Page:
In the June 2021 edition of "Best of Boston," we bring you our top Boston (and beyond) lit events this month, taking place virtually. See below for our list of literary happenings.
Tuesday, June 1st from 12:00PM – 1:30PM ET | Workshop Fee: $0
Writers attending conferences - like last week's The Muse & The Marketplace 2021 - tend to react to the experience in one of two ways: despair or elation.
Camp #1 is overwhelmed with information. Too much of the advice they absorbed seemed contradictory or overly complicated. They’re not sure they even like agents and editors anymore. And dammit, if all those other attendees are trying to get published, how do they stand a chance?
Author and GrubStreet instructor Katrin Schumann shares some tips and practical insight into how to present your work in the most compelling way possible for agents. You can learn more about this subject in Katrin's upcoming class "Time to Find an Agent: Perfecting Your Pitch" starting March 11th.
By Katrin Schumann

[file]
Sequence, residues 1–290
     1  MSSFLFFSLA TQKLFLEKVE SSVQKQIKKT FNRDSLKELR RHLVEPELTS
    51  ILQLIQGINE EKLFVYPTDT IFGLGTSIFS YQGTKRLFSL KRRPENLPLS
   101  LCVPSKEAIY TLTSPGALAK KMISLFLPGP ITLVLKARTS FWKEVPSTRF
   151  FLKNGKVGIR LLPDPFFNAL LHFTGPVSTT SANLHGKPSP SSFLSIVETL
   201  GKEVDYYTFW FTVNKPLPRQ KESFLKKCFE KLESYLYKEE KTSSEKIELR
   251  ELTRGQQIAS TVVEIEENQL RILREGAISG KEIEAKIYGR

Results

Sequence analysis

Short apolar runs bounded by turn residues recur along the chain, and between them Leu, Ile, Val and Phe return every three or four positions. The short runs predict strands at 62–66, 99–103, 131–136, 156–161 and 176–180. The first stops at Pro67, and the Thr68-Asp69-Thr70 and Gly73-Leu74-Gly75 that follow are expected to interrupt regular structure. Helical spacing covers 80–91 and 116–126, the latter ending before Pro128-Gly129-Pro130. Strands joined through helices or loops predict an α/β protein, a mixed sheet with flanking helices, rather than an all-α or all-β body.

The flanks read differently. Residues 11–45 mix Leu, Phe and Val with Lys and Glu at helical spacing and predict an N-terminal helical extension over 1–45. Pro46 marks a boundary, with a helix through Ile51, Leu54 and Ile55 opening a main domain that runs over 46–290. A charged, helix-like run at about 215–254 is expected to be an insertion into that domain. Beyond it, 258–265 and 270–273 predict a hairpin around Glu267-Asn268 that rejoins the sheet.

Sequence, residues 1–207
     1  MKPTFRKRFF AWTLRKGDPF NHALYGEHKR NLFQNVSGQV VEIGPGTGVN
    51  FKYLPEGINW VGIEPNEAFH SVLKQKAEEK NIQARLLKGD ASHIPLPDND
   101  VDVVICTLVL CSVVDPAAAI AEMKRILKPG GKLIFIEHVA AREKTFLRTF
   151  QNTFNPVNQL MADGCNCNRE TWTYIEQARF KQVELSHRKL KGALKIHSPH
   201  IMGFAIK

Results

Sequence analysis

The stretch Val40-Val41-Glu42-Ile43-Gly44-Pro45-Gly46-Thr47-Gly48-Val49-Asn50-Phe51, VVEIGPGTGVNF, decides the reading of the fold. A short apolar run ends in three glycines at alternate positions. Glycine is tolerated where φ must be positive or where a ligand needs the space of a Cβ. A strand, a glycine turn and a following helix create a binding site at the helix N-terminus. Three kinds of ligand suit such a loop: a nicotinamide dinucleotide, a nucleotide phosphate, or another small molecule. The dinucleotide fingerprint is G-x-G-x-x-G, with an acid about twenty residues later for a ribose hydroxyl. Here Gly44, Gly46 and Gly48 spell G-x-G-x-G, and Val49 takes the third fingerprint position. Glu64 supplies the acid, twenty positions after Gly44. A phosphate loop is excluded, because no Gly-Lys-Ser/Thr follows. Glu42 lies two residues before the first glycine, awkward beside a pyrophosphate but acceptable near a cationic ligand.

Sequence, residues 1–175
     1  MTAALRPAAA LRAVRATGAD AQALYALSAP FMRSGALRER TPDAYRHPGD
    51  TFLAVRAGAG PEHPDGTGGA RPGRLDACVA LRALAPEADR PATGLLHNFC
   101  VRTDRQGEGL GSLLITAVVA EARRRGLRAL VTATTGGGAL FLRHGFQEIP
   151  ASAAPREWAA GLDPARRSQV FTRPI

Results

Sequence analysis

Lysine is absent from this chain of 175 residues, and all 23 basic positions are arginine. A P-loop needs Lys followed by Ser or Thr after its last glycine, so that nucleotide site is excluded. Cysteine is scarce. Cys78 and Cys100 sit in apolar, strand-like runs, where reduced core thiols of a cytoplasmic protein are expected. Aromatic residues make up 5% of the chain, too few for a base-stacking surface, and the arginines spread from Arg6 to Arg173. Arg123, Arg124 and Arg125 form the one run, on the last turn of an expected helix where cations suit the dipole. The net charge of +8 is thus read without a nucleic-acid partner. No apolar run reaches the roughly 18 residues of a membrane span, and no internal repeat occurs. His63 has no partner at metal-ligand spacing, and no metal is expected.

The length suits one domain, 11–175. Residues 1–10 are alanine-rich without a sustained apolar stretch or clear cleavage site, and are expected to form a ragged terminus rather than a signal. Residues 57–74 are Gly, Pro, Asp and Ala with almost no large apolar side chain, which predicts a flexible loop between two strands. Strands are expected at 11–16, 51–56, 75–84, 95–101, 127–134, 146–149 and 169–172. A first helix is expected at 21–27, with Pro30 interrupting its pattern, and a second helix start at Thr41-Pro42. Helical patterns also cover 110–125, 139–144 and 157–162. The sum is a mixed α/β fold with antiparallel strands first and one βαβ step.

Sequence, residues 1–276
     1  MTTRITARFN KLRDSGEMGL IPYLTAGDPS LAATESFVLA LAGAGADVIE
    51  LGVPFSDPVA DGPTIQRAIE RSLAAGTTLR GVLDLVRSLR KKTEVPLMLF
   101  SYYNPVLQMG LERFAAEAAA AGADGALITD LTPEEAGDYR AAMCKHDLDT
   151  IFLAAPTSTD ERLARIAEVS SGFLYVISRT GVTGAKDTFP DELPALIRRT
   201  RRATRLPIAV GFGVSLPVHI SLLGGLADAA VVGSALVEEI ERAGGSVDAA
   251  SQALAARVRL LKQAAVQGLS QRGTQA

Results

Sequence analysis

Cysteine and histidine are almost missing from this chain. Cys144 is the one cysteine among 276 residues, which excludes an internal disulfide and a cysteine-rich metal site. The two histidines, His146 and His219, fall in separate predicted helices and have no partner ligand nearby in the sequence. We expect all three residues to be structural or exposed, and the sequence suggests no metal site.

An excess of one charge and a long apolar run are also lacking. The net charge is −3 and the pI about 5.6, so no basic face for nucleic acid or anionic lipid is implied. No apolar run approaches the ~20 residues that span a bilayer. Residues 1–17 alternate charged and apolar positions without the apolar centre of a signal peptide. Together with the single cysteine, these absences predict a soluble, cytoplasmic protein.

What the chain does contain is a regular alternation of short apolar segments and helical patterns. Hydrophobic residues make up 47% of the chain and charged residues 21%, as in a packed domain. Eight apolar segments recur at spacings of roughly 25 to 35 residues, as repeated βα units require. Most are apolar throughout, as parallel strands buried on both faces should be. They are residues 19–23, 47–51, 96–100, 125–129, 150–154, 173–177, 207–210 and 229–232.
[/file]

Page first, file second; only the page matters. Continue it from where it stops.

Editors often see projects at radially different stages of development. Truthfully, we sometimes see writing that is really, well, bad.
But does this mean it’s hopeless? When do you know if something is too "bad" to be worth fixing?
Of course, "bad" is a highly subjective term. Writing might seem "bad" to one reader, while another reader loves it
Are you finding it hard to write? We live in deeply unsettling times, and it's easy to get distracted by all that's going on in the world. Here's a brief list of ideas to jumpstart your writing and help you get out of your own head for a moment:
1) Apply to a writing contest. Years and years ago, I won a local short story prize, and it gave me the confidence I needed to keep plugging away at my writing